When Martin* was diagnosed with prostate cancer at 56 years old, he was shocked.
He had no family history of prostate cancer, no symptoms – he didn’t even know what his prostate was.
“There was nothing to give me any concern. I just had my regular checkup with my GP, with a DRE (digital rectal exam) and blood test, and he was concerned with my PSA count, how much it had increased in a short period of time – especially at my age. He referred me to Mark Fraundorfer, and I had a biopsy. We knew then for sure I had prostate cancer.”
“It was completely out of the blue. I didn’t know any family or friends that had had it, I’d never thought about it. Basically my reaction was ‘why me?’. You go through all these emotions when you hear the ‘C’ word; it’s just a shock.”
Martin was guided through his options by his urologist, and began to explore the pros and cons of radical open prostatectomy, robotic assisted laparoscopic prostatectomy, brachytherapy and cryotherapy.
“We went through the risks associated with each option and also looked at the ongoing issues I might be facing. My wife and I were given time to think about it, we did our research, and we decided that brachytherapy was the best choice for me.”
However, Martin did have his concerns.
“There was fear – they told me about the risk of incontinence and impotence, and before the treatment, they showed me how to use a catheter. I had a lot of fear around that. The first thing I wanted to know after the treatment was if I could pee or not.
“The first time I needed to go, and I could, I just thought, you flipping beauty! It was a little bit painful to start with, and I did pass blood, but I could do it.”
Martin was impressed by his fast recovery, having the procedure on Saturday, and getting back to his desk at work by Monday.
“Recovery probably took about 3-5 weeks for things to really settle down. I had one issue that was really rare, bladder spasms, but I got on to some medication and got that under control quickly.”
Martin’s urologist was a great support after treatment.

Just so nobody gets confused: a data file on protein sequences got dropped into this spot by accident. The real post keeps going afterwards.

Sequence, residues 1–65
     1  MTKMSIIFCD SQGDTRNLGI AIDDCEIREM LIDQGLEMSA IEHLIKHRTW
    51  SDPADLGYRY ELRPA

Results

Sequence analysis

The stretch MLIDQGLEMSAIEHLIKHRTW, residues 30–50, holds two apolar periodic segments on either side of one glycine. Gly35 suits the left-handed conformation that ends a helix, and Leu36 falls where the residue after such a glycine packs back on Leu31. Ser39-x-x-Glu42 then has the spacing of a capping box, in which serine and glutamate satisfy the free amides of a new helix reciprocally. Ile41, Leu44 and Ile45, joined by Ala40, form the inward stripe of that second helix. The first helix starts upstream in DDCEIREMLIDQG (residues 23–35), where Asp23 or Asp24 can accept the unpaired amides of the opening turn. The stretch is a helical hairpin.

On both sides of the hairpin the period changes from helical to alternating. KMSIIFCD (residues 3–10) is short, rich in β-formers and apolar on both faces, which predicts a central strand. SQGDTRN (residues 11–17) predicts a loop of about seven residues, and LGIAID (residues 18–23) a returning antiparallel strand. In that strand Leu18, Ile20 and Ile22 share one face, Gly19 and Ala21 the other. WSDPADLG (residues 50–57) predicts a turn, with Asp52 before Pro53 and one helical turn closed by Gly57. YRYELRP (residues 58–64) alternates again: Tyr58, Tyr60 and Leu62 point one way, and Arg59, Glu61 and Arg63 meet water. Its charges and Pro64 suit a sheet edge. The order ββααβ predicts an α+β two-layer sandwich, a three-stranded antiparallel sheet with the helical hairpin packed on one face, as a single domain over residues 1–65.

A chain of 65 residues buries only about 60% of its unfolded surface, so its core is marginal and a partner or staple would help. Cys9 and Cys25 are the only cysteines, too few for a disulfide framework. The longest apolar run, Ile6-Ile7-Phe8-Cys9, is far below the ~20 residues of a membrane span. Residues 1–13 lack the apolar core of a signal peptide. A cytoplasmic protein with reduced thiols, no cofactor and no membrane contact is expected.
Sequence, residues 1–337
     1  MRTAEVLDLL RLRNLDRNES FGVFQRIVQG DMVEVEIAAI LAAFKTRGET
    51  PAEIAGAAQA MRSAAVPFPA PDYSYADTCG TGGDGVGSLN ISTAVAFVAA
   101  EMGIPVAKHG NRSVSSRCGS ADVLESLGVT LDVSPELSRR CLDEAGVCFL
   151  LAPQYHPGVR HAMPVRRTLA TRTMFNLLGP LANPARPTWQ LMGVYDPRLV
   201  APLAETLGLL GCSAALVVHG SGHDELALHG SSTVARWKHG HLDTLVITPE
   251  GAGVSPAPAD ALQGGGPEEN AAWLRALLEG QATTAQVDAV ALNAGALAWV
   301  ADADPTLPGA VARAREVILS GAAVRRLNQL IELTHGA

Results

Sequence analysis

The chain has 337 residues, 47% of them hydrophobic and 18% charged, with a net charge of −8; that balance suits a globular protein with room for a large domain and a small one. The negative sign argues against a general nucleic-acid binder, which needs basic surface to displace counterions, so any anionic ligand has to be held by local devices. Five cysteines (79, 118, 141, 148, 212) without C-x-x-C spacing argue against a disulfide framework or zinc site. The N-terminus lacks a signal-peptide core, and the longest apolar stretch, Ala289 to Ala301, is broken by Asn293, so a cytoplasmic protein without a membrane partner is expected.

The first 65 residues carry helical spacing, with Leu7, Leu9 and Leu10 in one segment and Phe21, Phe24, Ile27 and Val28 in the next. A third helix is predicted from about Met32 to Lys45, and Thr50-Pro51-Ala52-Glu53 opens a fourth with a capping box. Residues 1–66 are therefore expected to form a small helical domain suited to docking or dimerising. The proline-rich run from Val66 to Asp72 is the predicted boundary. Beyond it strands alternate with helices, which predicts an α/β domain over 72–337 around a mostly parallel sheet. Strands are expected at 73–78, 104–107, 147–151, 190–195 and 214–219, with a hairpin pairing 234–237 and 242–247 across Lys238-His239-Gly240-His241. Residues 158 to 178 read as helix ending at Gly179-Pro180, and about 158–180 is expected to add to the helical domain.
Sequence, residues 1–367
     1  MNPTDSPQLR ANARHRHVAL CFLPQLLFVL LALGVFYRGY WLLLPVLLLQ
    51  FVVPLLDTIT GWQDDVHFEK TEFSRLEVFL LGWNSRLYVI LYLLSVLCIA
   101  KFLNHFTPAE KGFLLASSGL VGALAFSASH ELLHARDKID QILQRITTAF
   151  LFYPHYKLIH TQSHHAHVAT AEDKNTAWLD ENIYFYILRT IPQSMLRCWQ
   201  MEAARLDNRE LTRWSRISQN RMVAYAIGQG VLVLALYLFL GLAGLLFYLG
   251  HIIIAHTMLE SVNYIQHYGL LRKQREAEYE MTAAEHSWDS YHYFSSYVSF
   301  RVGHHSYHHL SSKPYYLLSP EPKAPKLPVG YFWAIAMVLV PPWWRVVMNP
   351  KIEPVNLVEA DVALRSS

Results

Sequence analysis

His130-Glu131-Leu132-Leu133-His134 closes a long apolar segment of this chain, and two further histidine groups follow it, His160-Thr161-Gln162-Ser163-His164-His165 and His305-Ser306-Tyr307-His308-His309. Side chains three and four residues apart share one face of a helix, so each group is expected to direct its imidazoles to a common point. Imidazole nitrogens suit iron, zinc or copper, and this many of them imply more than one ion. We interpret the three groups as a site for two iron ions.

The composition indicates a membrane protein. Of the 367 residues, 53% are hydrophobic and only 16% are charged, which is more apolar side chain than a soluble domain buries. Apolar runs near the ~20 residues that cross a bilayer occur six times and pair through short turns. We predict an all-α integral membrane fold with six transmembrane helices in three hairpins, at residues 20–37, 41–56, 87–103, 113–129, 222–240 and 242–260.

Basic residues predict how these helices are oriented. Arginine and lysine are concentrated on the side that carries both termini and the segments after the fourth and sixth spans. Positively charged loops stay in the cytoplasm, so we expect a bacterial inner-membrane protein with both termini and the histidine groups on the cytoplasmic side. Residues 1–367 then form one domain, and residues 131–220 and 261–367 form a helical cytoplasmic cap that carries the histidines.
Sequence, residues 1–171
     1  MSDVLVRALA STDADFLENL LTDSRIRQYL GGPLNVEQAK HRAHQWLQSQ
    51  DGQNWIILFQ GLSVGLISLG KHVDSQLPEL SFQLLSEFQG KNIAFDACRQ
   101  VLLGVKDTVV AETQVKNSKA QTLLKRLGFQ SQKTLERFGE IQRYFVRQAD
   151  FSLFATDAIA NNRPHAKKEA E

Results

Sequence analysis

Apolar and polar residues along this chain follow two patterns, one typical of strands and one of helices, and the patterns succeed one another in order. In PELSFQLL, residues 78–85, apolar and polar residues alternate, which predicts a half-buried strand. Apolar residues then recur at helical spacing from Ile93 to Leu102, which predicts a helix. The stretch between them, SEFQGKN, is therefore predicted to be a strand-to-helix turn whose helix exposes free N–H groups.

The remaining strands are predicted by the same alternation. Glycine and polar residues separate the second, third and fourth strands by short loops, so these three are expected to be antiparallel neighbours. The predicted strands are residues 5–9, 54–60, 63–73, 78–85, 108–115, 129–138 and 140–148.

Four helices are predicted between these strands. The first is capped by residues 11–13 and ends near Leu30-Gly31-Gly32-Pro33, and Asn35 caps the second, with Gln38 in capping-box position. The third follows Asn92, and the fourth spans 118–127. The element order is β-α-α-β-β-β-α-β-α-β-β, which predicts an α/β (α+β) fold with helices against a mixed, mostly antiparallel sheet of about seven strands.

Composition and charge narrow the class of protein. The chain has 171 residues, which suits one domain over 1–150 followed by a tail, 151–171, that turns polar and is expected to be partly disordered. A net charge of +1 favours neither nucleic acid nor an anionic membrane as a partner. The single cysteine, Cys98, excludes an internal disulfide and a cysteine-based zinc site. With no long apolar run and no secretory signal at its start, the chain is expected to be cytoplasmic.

“He’s been fantastic. When I had it, brachytherapy was still quite new, but Mark was in regular contact, and he was very supportive.”
The most difficult part of brachytherapy for Martin was having to wait for the outcome.
“From when I had the beads inserted, it’s a period of two years that you have to wait and see if it’s worked, having blood tests every three months. They’re still monitoring me now.”
When Martin was first diagnosed, his PSA reading was 6.7. Three years later, he is down to 0.5.
While there is no ‘normal’ reading, and every patient is different, Martin feels great.
He says that if he had to do it over again, he’d still choose brachytherapy, but encourages other men to ensure they have health insurance in place to give them options.
“Having health insurance allowed us to have a choice – if you don’t have it, you only get one option. My wife and I were able to choose what was best for me, and it was our health insurance that allowed us to do that. It’s very important to us now, having been through what we went through, and I strongly recommend it.”
Martin also advocates the importance of regular prostate cancer checks after going through his own prostate cancer experience.
“Every guy that I talk to, even if they’re in their mid-30s, I tell them, just go, get the test. The quicker they catch it, the higher the success rate when they treat it.
“I had no symptoms, I wouldn’t have known. I was just lucky to have a GP that was alert to it.”
*Name changed to protect patient’s privacy.